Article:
beautiful post, friend!


these are such beautiful thoughts for a mama to have and to share... i had something to say in response to your post, but i then got caught up reading all these wonderful comments on my way to the comment box... i'm so glad you wrote this all and got it sorted out. i loved that whole paragraph regarding a craft room -vs- a tv room, family being the foundation of the community, eating together, etc... you spelled out some really beautiful values. well, it sounds like you've got some great positive thoughts and energy to move forward on your path with your family right along with you. :)


hi! i'm so happy for you and your monkeys, i can feel your fredom...

thanks and have a nice time with your family.


My dream is raise my children in Africa. I even moved to a different state with my husband to save money and plan to live there for most of the year. I admire you so much and my childhood was packed full of goodness and I was still able to hang/live near Hollywood and Rodeo Blvd with the best of them. Character is all that counts. I never had a TV as a child am very well adjusted...even at a pop culture saturated place like UCLA.


you're an inspiration to me, and obviously to so many others of your faithful readers. i'm happy to hear that despite the challenges you face, you know that you've made good decisions that you're happy with. and the fact that your children seem like wonderful, well-adjusted and self-assured children speaks to that!


i love reading your blog, such a fun peek into a lovely existence. your kids are such cute little individuals and you seem to be a very tight knit family. i hope that if i have kids i can raise them in such a safe, loving, learning environment. :)


Even if I am commenter #80 I am still stopping what I am doing after reading that post to say: amen. Tears in my eyes. It is so affirming to read these thoughts about parenting. We are visiting the US from Africa too, and it's wonderful and horrifying at the same time. Thanks for that weirdo-parent (me)affirming post. I'm not alone in making my kids play nice! Yea!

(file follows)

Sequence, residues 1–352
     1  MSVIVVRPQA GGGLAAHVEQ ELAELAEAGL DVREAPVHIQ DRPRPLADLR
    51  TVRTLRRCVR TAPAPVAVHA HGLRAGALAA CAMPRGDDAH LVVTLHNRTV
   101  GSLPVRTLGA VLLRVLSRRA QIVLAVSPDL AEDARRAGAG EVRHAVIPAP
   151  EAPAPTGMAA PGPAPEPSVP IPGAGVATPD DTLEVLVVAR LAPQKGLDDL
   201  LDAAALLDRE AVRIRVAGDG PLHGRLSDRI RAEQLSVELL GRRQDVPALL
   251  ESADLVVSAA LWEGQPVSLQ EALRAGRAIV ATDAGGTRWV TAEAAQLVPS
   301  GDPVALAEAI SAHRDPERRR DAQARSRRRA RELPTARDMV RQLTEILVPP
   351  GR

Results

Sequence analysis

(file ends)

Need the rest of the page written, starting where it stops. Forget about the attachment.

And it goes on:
My husband and I often say "Should we move to a small Island?" - with the idea that it would be easier to create for our family a simpler life. But as you have shown it is possible to create a simpler life where ever you are. Your post has really inspired me to work on making things simpler in our lives. Beautiful post. thankyou

Alicia A.

Thank you, thank you, thank you for this.

Love to your beautiful family.


this was such a beautiful post. I really think we moms have such a hard job, and moments of clarity in our parenting choices are definitely worth remembering and writing down this way! Thank you for sharing your journey (both literally and figuatively) with us, you are creating a beautiful experience for your children. Such a gentle reminder for us all.

fully operational battle station

Just found your site and love it already.

I like you and your un-Teen Vogue family.

Thanks for the post! I'll be back.



found your bloggy today... thank your for this post. well said. well taught little ones. well done. thanks-thanks-thanks for sharing. hopefully one day your sweet family will be the ones we run into at the creek, the library, or anywhere else for that matter and we'll both smile when we realize that there are more of "us" out there. happy trails!


As another non-mainstream mom, I so, so agree with your thoughts. It can be lonely walking a different path, but I do believe it's worth it, and I have faith that what we're doing is right for our family. Thank you for speaking out--you can see how many people you've touched by this post and by the loveliness of your blog, in general.


What a beautiful, wonderful post Katurah. I'm reading through all the posts I've missed during a busy summer and even busier start to my first year of teaching - today's been at tough day and this made me well up. When I have children, I hope I can raise them with half the serenity and strength of conviction that comes through in your blog. You are an inspiration.


This was the post which made me bookmark you.
I think that speaks for itself.